adds to the complexity and size. In addition, you need a high-end GPU in order to run
Ice Cream Sandwich reasonably, he said. Pfeffer said that there was the
possibility of using
software rendering, but there was skepticism expressed about the performance of that option.
Beyond just the footprint and complexity, are there drawbacks in how the
Android community is put together and works, Yaghmour asked. Bird
mentioned that there isn't really a community around "headless Android" and
that there isn't really any way for one to spring up. Because "you get
whatever Google puts out next", there is little a community could do to
influence the direction of headless Android. If, for example, you wanted
to add something for headless Android that Google has no interest in, you
maintain that separately as there isn't much of a path to get it upstream.
There are devices that are difficult to add to Android, Anderson said.
Adding a sensor that "Google never thought of" to libsensors is "not
trivial". Making a headless Android system is also not easy unless you
dive deeply into the Android Open Source Project (AOSP) code. Stewart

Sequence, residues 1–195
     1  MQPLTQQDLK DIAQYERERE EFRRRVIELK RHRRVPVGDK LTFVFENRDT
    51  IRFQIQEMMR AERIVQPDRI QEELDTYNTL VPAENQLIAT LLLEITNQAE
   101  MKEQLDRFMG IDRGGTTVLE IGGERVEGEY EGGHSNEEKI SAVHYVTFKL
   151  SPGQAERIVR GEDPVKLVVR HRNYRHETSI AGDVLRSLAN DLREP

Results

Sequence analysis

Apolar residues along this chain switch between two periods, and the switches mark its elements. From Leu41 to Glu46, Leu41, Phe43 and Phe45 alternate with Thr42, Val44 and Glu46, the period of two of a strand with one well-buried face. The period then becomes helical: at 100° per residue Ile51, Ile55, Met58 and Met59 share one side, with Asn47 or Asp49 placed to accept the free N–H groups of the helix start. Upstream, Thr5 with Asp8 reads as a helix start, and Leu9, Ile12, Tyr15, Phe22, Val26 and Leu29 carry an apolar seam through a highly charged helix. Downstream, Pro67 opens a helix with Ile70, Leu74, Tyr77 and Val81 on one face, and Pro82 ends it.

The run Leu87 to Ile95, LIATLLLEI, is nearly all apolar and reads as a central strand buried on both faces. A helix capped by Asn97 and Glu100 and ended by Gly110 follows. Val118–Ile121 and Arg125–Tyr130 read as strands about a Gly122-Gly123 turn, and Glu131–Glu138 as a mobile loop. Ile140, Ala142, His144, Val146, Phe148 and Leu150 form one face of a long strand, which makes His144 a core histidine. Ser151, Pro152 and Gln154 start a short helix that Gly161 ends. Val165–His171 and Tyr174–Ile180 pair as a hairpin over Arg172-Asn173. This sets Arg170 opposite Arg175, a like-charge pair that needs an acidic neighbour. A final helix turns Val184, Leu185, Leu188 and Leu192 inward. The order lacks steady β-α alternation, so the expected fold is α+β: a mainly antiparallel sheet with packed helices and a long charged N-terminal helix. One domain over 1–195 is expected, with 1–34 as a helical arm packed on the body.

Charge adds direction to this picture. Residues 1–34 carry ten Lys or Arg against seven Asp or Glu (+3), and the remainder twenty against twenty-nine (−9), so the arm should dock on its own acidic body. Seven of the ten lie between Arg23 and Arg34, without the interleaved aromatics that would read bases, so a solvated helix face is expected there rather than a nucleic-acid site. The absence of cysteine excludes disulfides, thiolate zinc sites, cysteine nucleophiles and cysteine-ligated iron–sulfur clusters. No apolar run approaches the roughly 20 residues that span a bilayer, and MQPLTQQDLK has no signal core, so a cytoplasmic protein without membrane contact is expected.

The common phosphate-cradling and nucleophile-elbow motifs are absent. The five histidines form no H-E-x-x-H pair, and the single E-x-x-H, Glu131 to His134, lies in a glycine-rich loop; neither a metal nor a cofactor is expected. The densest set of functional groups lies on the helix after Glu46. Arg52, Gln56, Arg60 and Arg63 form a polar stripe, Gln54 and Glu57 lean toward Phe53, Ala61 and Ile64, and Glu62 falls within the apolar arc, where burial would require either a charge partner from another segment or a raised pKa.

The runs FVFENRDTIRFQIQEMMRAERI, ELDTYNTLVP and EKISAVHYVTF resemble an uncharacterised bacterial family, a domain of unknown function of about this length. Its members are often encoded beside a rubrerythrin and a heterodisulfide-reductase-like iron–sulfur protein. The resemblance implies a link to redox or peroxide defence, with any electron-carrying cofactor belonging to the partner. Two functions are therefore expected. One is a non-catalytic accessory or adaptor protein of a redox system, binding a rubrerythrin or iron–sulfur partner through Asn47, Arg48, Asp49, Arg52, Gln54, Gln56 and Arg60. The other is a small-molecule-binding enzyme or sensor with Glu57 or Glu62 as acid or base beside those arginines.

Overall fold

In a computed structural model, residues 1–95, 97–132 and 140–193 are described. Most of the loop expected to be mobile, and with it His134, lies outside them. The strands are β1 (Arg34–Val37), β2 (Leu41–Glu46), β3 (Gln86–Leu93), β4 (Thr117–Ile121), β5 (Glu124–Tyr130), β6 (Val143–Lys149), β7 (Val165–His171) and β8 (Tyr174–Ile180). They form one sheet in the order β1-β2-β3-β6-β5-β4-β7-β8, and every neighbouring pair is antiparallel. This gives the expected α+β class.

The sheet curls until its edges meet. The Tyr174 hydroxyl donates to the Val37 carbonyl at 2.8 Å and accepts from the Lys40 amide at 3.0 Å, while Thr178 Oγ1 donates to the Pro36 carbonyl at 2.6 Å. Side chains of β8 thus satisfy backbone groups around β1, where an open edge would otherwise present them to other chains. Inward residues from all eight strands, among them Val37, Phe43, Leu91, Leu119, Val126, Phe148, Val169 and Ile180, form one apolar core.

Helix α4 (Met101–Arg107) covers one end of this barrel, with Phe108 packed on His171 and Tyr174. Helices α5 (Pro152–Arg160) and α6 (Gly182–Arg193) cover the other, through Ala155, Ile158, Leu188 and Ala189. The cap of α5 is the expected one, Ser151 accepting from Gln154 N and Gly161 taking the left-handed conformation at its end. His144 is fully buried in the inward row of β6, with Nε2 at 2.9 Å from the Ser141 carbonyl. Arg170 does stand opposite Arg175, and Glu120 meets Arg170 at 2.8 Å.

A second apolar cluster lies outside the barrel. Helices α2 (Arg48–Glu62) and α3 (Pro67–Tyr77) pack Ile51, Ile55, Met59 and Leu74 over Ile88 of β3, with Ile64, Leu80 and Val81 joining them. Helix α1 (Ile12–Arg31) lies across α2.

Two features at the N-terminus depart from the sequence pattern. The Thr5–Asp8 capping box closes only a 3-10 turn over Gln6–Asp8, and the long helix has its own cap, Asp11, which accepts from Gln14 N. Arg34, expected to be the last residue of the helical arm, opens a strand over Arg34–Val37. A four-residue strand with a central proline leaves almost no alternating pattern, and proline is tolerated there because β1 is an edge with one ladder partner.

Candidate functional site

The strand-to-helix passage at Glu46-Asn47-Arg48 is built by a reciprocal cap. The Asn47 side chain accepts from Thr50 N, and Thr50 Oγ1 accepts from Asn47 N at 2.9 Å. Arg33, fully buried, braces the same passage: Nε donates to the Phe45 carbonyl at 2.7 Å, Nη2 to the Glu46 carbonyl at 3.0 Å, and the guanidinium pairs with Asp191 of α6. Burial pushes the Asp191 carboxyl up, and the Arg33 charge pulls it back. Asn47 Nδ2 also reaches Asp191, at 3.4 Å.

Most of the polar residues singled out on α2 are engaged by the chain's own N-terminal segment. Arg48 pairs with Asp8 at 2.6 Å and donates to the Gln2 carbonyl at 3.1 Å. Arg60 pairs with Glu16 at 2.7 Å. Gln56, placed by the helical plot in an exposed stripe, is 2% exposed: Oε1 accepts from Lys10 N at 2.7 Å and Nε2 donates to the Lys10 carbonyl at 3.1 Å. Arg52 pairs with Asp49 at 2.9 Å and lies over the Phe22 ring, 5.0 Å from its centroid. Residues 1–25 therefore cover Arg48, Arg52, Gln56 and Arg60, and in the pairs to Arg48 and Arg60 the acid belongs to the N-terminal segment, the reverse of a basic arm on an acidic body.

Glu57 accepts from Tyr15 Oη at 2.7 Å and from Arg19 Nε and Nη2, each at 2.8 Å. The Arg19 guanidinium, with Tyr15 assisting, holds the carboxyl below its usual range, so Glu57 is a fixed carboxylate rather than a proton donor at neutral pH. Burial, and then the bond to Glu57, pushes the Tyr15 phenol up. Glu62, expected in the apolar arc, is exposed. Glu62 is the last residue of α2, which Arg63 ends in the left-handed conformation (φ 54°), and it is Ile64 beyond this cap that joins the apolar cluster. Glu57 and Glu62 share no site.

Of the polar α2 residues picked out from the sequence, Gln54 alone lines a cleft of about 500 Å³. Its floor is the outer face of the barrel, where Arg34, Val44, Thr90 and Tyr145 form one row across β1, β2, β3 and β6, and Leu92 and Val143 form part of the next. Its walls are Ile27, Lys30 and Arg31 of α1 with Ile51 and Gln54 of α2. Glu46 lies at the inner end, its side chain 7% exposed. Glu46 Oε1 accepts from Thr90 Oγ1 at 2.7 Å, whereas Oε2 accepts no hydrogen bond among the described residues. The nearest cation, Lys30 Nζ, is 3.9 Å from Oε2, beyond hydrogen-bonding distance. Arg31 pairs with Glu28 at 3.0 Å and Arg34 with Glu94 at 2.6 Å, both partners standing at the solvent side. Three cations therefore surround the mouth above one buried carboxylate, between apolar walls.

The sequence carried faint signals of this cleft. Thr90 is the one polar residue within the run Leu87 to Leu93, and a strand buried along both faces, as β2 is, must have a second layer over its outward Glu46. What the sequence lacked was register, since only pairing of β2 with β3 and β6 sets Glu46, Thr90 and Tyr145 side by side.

noted that Android adoption is generally a one-way street, so it is
difficult to switch away from it. Pfeffer agreed, noting that the
companies that do adopt Android reap a lot of benefits, but "it is a
When he started looking at Android, Yaghmour thought it would be "easy", as
it was just embedded Linux. There was a lot more to it than that, with
various pieces of the Linux stack having been swapped out for Android
replacements. But that's a good thing, Bird said. His "strong opinion" was
that Android is a "breath of
fresh air" that didn't try to force Unix into the embedded space. Android
was able to discard some of the Unix baggage, which was a necessary step, he said.
There are some really good ideas in Android, especially in the app
lifecycle and the idea of intents, all of which added up to "good stuff".
Android was in the right place at the right time, Anderson said. For
years, embedded Linux couldn't make up its mind what the user interface
would be, but Android has brought one to the table. Android also takes into
account the skill set of programmers that are coming out of school today.
Constrained environments are not often taught in schools, so the "infinite
memory" model using Java may be appropriate.
Stewart noted that HTML5 still has the potential for cross-platform user
interfaces, and doesn't think the door should be closed on that
possibility. Yocto is trying to support all of the different user
interface possibilities (Qt, GTK, EFL, HTML5, ...). There is also the
question of the future of Java, Anderson said. The security issues that
Oracle has been slow to fix is worrisome, and no one really knows where
Oracle plans to take Java.
While embedded Linux has nothing to learn from Android on the technical
level, it could
take some higher-level lessons, Pfeffer said. Focusing on creating an
ecosystem from the app developer to the user is extremely important.